Wednesday, March 25, 2009

Lock These Bastards Up

OK, legal eagles, how is this anything but legalized theft? The cops have no proof of criminal activity, nothing. Why should they be allowed to take these people's money? What possible justification could they have for keeping it other than "we're taking your money because we can"?

These cops, and cops like them, should be in jail. They're common thieves, pure and simple. They just hide behind a badge.


Ben said...

I will say that carrying that much money without explanation would make me suspicious, too.

But "being suspicious" is not a crime. If they aren't charged with anything, I don't see why the money should be forfeited. As I understand forfeitures, they often have a "guilty until proven innocent" approach. But this goes way beyond that. It's "guilty without ever being charged."

To be clear, I don't have a problem with forfeiture in the abstract. But it should be a punishment that ensures people don't get to keep the fruits of their crime. Not this.

Miguel said...

It's the MO of government.

When government wants something it just takes it.

Asset forfeiture has been abused for decades. From making up phony reasons to confiscate cash/property during botched drug raids, to declaring areas "blight" so they can evict the rightful property owners so their political donors can build parking lots/bulidings/etc.

At this point, the government and police force have become no different than a legalized form of the mafia with taxes and asset forfeiture being their cut to wet their beaks.

Mike said...

First off, if we're not going to abolish speed limits, particularly once they breach 50, then cops should be giving up to 15 mph leeway.

Secondly, I know you read Radley's blog. Does anything surprise you about the police anymore?

Ben said...


The Mafia does not catch and lock up murderers and rapists. The Mafia does not provide a means for victims of racial discrimination to seek redress. The Mafia does not pave roads. The Mafia does not seek to prevent terrorists from killing us. The Mafia has no rules in place to ensure workplaces are safe.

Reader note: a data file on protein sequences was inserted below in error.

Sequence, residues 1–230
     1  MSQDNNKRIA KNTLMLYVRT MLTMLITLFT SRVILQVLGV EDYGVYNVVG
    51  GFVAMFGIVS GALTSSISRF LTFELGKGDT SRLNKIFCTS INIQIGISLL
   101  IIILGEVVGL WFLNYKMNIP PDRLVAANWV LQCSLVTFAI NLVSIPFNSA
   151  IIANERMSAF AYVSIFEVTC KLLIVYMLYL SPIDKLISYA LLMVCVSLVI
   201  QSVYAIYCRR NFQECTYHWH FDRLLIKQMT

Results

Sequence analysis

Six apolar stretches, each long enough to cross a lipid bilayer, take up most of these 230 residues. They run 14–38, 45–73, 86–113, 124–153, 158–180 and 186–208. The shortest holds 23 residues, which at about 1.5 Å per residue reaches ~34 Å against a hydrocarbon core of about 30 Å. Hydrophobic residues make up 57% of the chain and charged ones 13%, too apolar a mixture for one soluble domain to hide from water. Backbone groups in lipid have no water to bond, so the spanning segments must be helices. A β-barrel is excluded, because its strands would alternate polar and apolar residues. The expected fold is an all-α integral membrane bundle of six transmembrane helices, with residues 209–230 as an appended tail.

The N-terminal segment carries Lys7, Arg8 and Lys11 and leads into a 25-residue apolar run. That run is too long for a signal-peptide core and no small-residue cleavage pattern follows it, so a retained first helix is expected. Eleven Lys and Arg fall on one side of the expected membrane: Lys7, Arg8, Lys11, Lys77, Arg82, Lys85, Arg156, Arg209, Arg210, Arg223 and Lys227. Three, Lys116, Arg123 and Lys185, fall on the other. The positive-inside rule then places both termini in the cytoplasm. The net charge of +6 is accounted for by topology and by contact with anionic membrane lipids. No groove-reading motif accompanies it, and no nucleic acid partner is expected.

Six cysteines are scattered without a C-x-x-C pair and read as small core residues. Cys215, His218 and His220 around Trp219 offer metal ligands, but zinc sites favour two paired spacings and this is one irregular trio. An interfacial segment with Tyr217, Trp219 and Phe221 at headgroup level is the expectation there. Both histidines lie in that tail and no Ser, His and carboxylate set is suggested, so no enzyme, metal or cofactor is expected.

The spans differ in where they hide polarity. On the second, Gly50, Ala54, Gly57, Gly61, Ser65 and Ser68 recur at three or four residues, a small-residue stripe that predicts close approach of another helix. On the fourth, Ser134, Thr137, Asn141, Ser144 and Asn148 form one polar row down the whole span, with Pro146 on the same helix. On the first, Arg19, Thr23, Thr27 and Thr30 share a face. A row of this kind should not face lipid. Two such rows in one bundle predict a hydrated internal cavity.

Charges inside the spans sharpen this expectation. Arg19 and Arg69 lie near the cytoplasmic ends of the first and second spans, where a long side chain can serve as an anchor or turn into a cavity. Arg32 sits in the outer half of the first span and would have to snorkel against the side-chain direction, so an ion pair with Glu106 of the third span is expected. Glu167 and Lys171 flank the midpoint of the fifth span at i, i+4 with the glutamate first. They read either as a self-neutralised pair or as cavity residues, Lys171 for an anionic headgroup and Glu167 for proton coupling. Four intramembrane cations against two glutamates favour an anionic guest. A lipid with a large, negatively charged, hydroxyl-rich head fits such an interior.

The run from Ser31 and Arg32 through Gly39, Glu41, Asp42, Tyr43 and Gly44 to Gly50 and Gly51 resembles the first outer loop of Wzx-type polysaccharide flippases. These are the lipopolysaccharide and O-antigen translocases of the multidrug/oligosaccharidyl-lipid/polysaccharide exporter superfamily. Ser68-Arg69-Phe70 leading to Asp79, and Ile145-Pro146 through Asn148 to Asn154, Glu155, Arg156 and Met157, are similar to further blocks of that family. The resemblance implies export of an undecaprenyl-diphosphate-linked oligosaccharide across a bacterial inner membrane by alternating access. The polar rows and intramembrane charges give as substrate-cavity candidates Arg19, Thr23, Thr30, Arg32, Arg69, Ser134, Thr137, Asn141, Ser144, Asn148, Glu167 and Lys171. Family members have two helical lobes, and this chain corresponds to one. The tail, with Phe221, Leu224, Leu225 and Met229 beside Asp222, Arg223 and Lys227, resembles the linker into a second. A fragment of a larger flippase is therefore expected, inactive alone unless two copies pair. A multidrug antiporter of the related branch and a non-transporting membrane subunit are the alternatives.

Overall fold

It's one thing to point out and decry corruption in government. Certainly there should be limits on government power because of the potential for abuse. (These limits should include overruling Kelo v. New London and ending the War on Drugs. Perhaps also ending forfeitures, if the potential for abuse like this case is determined to outweigh any deterrent benefits.)

But the government is not the Mafia. The government exists to serve society in a variety of ways (even if that service is constantly in need of improvement). The Mafia has no such purpose.

To use such a broad brush and paint the government as the Mafia is an insult to all the civil servants out there who are simply trying to do a job that makes their world a little better, including me. (On the other hand, the comparison is more legitimate when government officials twist/break/abuse the law, as in this case, or that horrible case of the DEA killing that mayor's dog.)

Ben said...

(Or torture.)

Matthew B. Novak said...

To build off of Ben's point, we also don't have any influence over the Mafia. If we don't like something in government, we have the power to change it. Government derrives power from the people it governs. Posts like this one that point out the big problems are a useful tool for promoting change. We just need to get word to our representatives too (or run for office ourselves I suppose).